Researchers from Cornell University’s College of Veterinary Medicine and the Smithsonian Institution have solved the decades-long puzzle of in vitro fertilization in dogs, resulting in the world’s first litter of IVF puppies.
The study, “Live births from domestic dog (Canis familiaris) embryos produced by in vitro fertilization,” appeared Dec. 9, 2015, in the online journal PLOS One.
Researchers at Cornell transferred 19 embryos to a female hound, which gave birth in spring 2015 to seven healthy puppies. Genetic testing shows that two of the puppies are from a Beagle mother and a Cocker Spaniel father, and five are from two pairings of Beagle fathers and mothers.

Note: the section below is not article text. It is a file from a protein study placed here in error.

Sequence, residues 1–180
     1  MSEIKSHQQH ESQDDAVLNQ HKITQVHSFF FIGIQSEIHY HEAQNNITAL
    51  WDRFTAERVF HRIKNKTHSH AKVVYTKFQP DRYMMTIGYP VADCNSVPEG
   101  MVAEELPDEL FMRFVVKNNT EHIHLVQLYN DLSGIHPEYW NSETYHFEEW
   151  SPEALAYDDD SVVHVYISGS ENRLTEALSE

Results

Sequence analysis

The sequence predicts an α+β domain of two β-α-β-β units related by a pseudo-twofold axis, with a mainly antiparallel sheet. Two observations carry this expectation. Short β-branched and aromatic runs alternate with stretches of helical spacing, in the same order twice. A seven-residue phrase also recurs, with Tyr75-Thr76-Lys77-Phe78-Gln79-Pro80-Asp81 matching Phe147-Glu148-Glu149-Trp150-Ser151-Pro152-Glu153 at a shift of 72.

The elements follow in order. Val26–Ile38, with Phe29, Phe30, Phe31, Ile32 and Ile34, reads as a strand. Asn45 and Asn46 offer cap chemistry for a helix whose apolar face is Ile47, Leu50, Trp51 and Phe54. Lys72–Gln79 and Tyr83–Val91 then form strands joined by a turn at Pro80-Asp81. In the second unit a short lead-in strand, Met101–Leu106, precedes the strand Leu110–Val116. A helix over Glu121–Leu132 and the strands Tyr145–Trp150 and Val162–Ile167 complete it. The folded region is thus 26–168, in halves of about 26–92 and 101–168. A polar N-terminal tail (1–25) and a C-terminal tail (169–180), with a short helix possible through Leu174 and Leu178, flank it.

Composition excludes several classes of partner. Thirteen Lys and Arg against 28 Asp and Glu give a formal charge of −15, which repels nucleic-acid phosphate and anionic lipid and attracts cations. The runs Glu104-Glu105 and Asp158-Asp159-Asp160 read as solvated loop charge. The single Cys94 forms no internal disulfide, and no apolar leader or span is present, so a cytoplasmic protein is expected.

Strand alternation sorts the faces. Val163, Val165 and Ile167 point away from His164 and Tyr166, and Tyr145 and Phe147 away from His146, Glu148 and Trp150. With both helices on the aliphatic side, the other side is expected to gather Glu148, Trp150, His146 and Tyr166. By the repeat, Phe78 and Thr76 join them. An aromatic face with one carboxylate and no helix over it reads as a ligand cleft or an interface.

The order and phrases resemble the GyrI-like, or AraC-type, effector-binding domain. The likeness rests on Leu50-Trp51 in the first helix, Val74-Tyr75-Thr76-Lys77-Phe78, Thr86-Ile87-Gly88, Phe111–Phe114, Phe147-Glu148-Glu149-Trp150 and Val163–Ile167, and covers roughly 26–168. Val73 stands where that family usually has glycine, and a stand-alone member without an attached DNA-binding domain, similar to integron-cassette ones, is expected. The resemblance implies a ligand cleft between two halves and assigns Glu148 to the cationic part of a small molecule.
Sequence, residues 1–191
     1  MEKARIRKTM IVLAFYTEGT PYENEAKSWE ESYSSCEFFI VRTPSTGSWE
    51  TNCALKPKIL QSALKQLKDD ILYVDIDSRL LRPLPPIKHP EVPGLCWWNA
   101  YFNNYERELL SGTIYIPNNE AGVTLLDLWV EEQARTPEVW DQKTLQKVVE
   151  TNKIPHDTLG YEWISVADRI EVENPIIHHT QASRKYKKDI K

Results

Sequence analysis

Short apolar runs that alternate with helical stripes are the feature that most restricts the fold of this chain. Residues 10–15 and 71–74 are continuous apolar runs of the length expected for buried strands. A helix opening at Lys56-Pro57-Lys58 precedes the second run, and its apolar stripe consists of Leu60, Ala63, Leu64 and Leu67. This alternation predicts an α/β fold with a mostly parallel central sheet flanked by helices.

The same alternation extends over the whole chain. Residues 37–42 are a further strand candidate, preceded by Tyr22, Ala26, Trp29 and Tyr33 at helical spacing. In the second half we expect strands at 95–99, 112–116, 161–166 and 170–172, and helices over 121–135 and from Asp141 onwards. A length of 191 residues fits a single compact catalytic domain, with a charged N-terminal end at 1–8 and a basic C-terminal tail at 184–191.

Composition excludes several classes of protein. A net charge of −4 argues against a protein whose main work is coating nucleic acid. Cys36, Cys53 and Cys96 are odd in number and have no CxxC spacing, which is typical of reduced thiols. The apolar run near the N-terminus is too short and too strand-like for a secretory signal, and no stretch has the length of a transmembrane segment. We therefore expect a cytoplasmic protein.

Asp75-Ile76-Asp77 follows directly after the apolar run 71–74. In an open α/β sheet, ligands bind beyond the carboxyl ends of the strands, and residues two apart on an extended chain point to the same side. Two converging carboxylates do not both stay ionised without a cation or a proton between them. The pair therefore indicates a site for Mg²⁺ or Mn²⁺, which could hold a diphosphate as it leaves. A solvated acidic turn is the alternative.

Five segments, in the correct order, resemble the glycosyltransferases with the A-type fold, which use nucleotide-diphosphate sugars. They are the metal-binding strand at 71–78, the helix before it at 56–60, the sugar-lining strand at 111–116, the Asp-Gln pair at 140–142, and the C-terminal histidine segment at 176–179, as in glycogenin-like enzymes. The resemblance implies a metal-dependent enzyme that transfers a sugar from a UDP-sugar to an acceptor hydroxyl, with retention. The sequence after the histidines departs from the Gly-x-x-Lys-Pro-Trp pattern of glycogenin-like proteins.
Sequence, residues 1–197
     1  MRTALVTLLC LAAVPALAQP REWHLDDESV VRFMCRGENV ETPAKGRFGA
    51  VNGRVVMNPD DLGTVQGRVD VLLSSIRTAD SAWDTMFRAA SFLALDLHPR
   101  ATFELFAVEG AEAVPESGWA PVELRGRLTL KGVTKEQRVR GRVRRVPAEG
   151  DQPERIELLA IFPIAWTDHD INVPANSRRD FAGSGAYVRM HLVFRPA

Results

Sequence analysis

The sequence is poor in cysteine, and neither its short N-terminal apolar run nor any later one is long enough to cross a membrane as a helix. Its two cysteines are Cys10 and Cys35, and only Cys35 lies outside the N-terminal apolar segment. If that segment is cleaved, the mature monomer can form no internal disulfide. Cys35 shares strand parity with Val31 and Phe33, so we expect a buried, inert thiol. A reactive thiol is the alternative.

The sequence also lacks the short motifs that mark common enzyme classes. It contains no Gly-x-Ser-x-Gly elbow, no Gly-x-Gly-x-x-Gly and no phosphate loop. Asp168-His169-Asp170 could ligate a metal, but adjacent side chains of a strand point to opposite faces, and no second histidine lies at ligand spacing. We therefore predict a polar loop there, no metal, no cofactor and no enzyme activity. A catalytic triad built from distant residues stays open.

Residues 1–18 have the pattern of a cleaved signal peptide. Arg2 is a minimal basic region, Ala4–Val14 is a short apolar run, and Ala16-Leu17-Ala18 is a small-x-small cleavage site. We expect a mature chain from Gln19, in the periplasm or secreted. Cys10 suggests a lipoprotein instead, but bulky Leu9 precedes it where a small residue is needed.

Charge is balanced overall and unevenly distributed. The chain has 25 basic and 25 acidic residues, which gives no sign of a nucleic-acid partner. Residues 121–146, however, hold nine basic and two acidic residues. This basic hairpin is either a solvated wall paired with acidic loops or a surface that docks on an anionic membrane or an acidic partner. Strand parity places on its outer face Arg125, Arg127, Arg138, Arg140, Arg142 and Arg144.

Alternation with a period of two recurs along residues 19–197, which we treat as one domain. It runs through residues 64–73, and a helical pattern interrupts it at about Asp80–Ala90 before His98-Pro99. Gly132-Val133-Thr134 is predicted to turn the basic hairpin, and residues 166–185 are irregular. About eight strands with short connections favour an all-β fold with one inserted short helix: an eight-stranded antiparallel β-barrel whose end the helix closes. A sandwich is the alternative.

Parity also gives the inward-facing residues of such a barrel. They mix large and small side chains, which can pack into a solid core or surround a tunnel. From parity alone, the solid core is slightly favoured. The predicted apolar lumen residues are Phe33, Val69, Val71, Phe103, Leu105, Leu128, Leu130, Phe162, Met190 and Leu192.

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The researchers found that canine eggs failed to fertilize if retrieved at the stage of cell maturation associated with fertilization in other animals. When they left the eggs in the oviduct for an extra day, however, the eggs reached a stage where fertilization was more likely to occur.
In addition, the female dog’s reproductive tract plays a role in preparing sperm for fertilization. The researchers found that sperm could be artificially prepared by adding magnesium to the cell culture.
The study is available here.